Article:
Belarus dictator Alexander Lukashenko urged closer military cooperation with Russia on Monday, Dec. 19, during a rare visit from President Vladimir Putin, who launched his invasion of Ukraine from his neighbor's territory.
Putin landed in Minsk with his defense and foreign minister in tow, hours after Russian forces launched a swarm of attack drones at critical infrastructure in Kyiv, which provoked emergency blackouts in a dozen regions.
"Difficult times require us to have political will and to focus on getting results on all topics of the bilateral agenda," Lukashenko told Putin.
"The main issues lately have been defence and security issues," he added.
The Kremlin has for years sought to deepen integration with Belarus, which relies on Moscow for cheap oil and loans, but Lukashenko had resisted outright unification with Russia despite being a key ally.
Speculation mounted ahead of the Russian leader's visit that he would pressure Lukashenko to send troops to Ukraine to fight alongside the Russians after Moscow suffered a string of defeats in nearly 10 months of fighting.
Kremlin spokesman Dmitry Peskov, however, dismissed the reports "as totally stupid, groundless fabrications."
- 'Open for dialogue' -
"Russia and Belarus are open for dialogue with other states, including European ones. I hope that soon they will listen to the voice of reason," Lukashenko said.
Putin told his Belarusian ally that he hoped to deepen economic ties between the countries during the visit and praised Belarus as "our ally in the truest sense of the word".
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The drone attacks over Ukraine, which wounded three people near Kyiv, came as Russia said it shot down several US-made missiles over its airspace near Ukraine.
"I first heard the air raid siren... I thought there is going to be a drone attack. For the first time, it scared me," Natalia Dobrovolska, a 68-year-old resident of Kyiv, told AFP.
She described hearing multiple explosions before power shut off in her building in western Kyiv. Officials said Russia had dispatched 35 attack drones nationwide, including 23 over Kyiv.
Ukraine said it downed 30 of the aerial weapons, including Iranian-made "Shaheds", which have pummeled the capital in recent weeks.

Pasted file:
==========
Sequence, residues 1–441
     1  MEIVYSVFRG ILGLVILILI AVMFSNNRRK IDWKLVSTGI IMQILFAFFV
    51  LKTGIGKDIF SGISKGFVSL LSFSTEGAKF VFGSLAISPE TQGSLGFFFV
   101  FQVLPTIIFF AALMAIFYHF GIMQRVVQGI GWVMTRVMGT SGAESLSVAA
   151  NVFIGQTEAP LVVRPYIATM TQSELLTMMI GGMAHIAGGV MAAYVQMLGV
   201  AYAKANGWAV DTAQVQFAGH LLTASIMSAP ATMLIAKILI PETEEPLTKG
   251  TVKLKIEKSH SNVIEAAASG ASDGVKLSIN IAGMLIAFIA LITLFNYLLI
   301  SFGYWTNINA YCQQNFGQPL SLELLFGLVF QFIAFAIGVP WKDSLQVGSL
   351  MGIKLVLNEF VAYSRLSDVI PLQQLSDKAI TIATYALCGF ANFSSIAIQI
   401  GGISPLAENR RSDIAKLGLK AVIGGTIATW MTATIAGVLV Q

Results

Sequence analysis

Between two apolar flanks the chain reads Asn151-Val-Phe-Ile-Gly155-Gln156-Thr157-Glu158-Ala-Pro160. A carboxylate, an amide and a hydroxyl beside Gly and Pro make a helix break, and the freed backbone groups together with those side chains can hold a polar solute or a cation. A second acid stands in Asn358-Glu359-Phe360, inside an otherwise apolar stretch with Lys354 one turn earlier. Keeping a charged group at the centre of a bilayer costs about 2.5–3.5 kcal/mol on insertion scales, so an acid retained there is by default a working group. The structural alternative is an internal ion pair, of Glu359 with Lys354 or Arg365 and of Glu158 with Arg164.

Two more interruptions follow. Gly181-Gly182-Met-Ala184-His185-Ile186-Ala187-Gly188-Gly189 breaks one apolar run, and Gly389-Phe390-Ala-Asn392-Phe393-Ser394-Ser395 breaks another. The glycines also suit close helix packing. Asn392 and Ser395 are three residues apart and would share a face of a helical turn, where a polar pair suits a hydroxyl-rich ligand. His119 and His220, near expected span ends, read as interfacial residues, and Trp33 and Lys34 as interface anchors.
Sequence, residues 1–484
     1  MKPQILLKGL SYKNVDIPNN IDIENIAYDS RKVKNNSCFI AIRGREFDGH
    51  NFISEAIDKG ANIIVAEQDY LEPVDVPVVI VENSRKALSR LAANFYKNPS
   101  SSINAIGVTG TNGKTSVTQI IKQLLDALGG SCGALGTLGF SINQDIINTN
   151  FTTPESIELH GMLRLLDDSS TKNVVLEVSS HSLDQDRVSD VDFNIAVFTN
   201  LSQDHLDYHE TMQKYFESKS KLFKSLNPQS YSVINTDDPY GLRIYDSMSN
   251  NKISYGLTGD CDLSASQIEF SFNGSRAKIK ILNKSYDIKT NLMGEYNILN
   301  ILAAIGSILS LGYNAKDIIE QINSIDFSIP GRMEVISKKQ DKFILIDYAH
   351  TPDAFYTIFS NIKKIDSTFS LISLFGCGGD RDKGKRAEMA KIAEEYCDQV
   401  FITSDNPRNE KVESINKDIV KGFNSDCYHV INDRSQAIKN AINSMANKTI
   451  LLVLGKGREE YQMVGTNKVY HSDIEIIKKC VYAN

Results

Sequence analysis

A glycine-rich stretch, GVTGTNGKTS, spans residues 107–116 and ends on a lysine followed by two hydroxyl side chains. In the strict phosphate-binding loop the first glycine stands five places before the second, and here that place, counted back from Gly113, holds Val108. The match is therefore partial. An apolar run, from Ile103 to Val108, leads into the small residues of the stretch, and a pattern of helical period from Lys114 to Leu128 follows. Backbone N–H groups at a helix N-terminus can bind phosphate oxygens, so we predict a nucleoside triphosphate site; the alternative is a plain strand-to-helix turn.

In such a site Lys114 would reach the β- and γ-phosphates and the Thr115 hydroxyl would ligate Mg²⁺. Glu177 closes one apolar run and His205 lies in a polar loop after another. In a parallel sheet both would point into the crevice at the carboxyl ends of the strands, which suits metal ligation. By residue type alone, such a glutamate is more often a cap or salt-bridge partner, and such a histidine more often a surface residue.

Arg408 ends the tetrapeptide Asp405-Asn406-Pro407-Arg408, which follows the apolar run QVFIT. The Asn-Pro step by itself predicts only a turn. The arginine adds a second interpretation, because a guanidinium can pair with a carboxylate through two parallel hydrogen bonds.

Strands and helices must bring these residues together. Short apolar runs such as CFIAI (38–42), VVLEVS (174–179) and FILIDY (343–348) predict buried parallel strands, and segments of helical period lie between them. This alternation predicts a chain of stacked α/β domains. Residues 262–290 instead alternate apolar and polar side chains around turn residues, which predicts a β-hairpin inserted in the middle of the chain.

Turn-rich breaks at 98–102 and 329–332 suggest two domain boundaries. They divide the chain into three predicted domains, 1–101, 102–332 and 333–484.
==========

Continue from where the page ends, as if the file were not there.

Mayor Vitali Klitschko said critical infrastructure facilities were "damaged" while regional authorities said nine homes had been scarred by the attacks.
Energy operator Ukrenergo announced that emergency electricity outages were scheduled in the capital and nearly a dozen regions.
- Belarus border a 'priority' -
Ukraine has experienced frequent and deadly aerial attacks in the 10 months since Russia invaded in late February.
After a series of battlefield setbacks and territory lost this summer and autumn, Moscow stepped up its aerial campaign to target the country's energy grid.
With winter setting in, missile and drone attacks have plunged cities around the country into darkness, and severed water and heat supplies to millions of Ukrainians.
Speaking to the leaders of several NATO countries via video link on Monday, President Volodymyr Zelensky urged Ukraine's allies to supply its military with more weapons.
"Russian aggression can and must fail. And our task now is to accelerate it," he told the leaders assembled in Riga.
He said in a late-night address Sunday that some nine million people had their electricity restored after Russia's previous missile barrage last week.
Ukraine has an estimated population of 40 million.
Before Putin's visit, Ukraine's leader also described the situation on Ukraine's border with Russia and Belarus as a "constant priority".
"We are preparing for all possible defense scenarios," Zelensky said.
Lukashenko, who has been in power since 1994, is a long-time Kremlin ally and allowed Russian troops to attack Ukraine from his country on February 24.
- Russian-Belarusian military drills -
Hours before Putin touched down in Minsk, Russia announced its forces were running military drills with Belarusian forces.
The defense ministry released footage of drills in Belarus, showing soldiers conducting tank manoeuvres, and practising artillery and sniper fire at a snow-dusted training ground.
"From the morning until the evening twilight -- there is not a single second of silence at the training grounds of Belarus," the ministry said.
It did not say where the drills were taking place or how long they would last.
In October, Belarus announced the formation of a joint regional force with Moscow with several thousand Russian servicemen arriving in the ex-Soviet country, fueling concerns Minsk could also send troops to Ukraine.
On Monday, Governor Vyacheslav Gladkov said Ukrainian strikes left around 14,000 people without power in a district of southern Russia's Belgorod region.
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